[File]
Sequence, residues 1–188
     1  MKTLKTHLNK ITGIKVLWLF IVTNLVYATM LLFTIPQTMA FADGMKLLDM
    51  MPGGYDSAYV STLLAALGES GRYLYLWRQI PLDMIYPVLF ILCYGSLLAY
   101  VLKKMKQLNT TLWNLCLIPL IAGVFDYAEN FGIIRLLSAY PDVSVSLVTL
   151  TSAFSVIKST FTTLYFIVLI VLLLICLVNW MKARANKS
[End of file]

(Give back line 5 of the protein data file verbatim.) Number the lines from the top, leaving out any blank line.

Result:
   151  TSAFSVIKST FTTLYFIVLI VLLLICLVNW MKARANKS